The Class 1600 was ordered in 1978, after several types of locomotives were tested in the 1970s. One of those was the SNCF BB 7200, on which the 1600 is based. The 58 locomotives were delivered between 1981 and 1983. As a result of their delivery, the old Class 1000 and Class 1500 units were taken out of service.
Thanks to the electronic power control, these locomotives were not only the most economical but also the most powerful locomotives that Dutch Railways had.
NS/Railion Class 1600
In 1999 the freight division of NS, NS Cargo, was sold to Deutsche Bahn became part of Railion as Railion Nederland. The locomotives that became the property of Railion kept their old number (1601–1637). No. 1637 was repainted red as an advertisement for the Dutch brewery Heineken and was repainted in NS Yellow in 2004.
Currently, Railion Nederland is looking to replace the Class 1600 locomotives with new multi-current locomotives type BR 189 from Germany. In early 2008 these started running into the Netherlands from Germany.
NS Class 1800
The locomotives that went to NS-Reizigers (1638–1658) had their numbers raised by 200, thus keeping their number but now in the 1800 series. In later years 10 more of the 1600 locomotives were sold to NS-Reizigers and subsequently renumbered to the 1800 series. The 1800 series was now 1823, 1824 and 1826 to 1858. Retaining the last 2 digits of their number. No. 1838 was involved in a heavy but non-fatal train crash at Amsterdam Central Station in 2005 and due to the extensive damage later scrapped.
All the 1600s and 1800s carry names & crests of Dutch towns and cities.
a = These engines have been sold to Husa Transportation - Railway Services Nederland BV.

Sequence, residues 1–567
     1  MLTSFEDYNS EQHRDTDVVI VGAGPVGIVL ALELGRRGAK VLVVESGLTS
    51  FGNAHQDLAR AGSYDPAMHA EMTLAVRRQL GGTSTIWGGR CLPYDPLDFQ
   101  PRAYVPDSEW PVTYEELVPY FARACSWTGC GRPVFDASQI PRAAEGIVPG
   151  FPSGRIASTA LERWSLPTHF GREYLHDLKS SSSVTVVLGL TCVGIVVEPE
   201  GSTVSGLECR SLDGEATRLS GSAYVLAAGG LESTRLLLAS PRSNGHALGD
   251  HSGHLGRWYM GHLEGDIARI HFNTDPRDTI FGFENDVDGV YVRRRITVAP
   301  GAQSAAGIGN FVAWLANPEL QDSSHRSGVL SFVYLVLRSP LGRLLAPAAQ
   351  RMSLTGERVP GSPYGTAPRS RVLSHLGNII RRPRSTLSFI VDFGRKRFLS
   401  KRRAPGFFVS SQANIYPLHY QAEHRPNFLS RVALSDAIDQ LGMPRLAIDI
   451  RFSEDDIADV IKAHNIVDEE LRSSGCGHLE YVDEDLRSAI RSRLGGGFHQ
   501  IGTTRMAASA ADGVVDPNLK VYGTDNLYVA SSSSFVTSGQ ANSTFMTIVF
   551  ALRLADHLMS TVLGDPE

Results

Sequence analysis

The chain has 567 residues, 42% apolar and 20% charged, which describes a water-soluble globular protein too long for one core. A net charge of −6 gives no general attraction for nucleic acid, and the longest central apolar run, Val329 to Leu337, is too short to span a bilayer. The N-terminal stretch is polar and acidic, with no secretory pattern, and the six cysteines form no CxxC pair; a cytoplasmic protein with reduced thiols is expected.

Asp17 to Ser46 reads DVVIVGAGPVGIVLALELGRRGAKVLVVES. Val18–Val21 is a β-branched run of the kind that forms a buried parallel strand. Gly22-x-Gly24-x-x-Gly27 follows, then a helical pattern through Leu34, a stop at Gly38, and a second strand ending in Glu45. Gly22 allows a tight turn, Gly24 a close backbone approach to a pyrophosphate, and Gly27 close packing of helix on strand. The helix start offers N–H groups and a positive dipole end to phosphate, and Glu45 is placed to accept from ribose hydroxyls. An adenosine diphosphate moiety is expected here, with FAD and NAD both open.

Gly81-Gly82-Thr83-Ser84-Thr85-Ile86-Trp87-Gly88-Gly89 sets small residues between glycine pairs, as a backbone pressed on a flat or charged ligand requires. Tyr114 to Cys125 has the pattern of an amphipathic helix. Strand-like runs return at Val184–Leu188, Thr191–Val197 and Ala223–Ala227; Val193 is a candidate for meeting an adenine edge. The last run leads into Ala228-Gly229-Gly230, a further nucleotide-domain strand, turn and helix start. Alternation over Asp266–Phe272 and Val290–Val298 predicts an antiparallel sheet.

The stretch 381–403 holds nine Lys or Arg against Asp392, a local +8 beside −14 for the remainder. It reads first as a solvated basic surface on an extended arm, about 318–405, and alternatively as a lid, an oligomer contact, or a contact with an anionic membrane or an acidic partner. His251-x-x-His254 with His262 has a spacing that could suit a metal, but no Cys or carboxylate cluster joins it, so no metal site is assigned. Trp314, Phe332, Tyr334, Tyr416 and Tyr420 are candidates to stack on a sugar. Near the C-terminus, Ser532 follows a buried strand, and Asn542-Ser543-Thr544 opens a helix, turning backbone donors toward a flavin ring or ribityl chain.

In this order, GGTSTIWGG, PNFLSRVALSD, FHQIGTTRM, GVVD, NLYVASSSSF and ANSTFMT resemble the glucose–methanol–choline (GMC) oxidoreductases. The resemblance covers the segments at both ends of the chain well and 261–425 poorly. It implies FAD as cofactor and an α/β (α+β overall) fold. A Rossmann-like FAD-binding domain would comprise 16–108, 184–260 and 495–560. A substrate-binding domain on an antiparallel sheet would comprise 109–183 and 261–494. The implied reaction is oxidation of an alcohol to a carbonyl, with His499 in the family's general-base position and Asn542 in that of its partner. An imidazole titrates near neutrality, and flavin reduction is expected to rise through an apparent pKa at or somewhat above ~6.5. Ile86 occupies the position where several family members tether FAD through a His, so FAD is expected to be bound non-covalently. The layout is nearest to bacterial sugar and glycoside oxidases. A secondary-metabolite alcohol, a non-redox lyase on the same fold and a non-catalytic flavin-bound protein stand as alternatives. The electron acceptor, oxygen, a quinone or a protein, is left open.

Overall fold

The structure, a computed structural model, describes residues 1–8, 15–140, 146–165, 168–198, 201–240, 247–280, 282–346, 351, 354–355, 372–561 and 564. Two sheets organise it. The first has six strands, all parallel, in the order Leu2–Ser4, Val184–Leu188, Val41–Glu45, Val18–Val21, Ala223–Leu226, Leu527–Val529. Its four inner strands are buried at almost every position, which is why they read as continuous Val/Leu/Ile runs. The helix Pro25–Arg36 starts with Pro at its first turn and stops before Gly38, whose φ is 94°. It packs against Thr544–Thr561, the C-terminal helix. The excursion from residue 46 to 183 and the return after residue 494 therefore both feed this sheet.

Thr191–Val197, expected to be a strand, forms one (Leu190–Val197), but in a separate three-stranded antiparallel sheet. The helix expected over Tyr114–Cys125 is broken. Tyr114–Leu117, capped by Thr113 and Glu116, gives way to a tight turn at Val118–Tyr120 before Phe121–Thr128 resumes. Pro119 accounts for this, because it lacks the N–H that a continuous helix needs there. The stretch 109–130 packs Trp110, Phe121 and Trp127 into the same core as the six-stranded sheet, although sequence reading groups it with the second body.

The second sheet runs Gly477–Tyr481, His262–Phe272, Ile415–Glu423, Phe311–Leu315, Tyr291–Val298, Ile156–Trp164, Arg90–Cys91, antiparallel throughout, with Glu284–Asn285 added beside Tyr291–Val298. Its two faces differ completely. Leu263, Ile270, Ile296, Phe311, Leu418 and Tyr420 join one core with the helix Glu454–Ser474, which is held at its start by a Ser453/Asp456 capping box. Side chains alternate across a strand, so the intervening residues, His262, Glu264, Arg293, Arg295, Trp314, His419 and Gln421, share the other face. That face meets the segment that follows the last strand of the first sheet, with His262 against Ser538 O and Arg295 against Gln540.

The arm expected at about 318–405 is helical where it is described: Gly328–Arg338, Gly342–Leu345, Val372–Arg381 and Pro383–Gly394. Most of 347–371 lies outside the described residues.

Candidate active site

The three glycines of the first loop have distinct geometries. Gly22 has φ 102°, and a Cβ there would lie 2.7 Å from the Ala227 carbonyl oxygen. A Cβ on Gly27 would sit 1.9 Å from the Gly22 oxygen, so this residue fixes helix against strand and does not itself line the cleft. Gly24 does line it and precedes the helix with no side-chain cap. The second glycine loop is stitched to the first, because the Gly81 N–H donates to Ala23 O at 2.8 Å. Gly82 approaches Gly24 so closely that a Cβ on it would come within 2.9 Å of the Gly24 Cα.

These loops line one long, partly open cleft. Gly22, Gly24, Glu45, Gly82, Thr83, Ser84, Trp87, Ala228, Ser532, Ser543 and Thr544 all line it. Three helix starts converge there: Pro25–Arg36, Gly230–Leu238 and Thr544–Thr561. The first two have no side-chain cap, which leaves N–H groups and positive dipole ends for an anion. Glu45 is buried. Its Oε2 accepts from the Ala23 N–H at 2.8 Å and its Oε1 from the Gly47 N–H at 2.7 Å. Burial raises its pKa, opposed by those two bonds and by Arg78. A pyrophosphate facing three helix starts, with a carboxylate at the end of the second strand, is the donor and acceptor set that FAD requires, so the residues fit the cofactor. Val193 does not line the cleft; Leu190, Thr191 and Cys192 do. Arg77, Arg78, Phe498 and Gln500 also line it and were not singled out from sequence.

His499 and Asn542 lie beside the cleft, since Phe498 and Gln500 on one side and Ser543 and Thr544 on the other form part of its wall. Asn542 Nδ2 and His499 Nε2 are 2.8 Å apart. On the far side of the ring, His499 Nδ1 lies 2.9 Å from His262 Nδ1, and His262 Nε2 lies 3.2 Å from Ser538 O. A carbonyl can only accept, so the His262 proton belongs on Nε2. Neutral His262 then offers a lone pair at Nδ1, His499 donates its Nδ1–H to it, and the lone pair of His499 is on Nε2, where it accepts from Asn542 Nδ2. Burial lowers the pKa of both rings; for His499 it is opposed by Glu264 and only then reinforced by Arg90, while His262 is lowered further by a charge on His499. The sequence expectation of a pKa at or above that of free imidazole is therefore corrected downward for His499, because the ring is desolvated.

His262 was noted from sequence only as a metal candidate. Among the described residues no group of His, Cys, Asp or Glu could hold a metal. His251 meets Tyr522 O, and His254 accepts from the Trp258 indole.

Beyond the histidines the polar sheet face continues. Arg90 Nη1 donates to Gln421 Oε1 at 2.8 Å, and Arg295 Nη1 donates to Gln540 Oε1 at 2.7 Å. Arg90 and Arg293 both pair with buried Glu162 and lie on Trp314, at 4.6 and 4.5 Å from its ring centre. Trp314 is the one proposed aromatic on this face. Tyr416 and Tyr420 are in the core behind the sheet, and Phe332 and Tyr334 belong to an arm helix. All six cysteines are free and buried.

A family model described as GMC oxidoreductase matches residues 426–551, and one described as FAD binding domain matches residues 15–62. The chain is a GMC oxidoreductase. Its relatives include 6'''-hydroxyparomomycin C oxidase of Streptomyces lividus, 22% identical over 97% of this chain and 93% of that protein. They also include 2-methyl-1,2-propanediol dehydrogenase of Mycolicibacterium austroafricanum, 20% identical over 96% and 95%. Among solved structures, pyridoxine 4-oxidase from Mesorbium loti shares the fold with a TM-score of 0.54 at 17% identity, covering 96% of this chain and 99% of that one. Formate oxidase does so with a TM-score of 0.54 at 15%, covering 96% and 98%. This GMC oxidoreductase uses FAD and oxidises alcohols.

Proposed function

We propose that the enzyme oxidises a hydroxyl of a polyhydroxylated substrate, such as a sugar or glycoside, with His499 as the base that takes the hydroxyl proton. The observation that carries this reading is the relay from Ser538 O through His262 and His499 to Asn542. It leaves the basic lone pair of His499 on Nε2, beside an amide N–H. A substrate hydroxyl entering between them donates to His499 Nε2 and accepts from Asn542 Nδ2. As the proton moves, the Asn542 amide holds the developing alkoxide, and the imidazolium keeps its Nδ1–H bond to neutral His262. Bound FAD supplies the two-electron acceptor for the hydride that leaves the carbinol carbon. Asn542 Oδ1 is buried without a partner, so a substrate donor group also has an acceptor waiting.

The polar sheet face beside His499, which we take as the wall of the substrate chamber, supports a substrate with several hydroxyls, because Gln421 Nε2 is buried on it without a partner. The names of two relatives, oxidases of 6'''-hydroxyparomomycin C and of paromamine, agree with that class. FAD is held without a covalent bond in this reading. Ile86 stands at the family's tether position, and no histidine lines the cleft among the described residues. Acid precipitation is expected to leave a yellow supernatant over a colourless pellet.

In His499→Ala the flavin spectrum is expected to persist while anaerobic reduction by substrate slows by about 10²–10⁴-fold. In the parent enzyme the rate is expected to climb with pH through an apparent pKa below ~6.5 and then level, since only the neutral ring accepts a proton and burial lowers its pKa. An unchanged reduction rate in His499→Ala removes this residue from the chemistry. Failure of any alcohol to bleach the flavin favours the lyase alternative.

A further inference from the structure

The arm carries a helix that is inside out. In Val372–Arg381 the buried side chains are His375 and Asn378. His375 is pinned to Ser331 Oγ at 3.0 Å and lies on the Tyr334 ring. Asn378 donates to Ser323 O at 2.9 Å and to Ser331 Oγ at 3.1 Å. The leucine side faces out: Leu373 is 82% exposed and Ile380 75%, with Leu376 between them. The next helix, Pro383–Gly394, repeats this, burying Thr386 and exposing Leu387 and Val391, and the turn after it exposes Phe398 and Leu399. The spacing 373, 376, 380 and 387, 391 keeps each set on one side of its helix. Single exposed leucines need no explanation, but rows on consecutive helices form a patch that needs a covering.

l = These engines have been sold to Locon Benelux.
h = This engine is on hire to the Bentheimer Eisenbahn AG.
sp = Engine sold for spare parts to Shunter (maintenance company).
t = These engines have been taken out of service and are not expected to return in service in the near future.
† = These engines have been scrapped, due to an accident or because they were taken out of service.
m = This engine is now part of the Railway Collection from the Railway Museum in Utrecht.
Class 1700, similar to the 1600/1800 class. Some of the Class 1700 have automatic couplers (so they can quickly couple the NS DD-AR double-decker trains they are used for), which is missing on the 1600/1800 (which have never been used for these trains). The Class 1700 is a modernised version, is heavier than the 1600/1800, and has different (i.e. more modern) systems for braking and "Automatische Trein Beinvloeding ATB" (Automatic Train Control).
^ abHaydock, David; Fox, Peter; Garvin, Brian (2008). European Handbook No. 1 Benelux Railways Locomotives & Coaching Stock (Fifth ed.). Sheffield, England: Platform 5. ISBN 978-1-902336-64-0.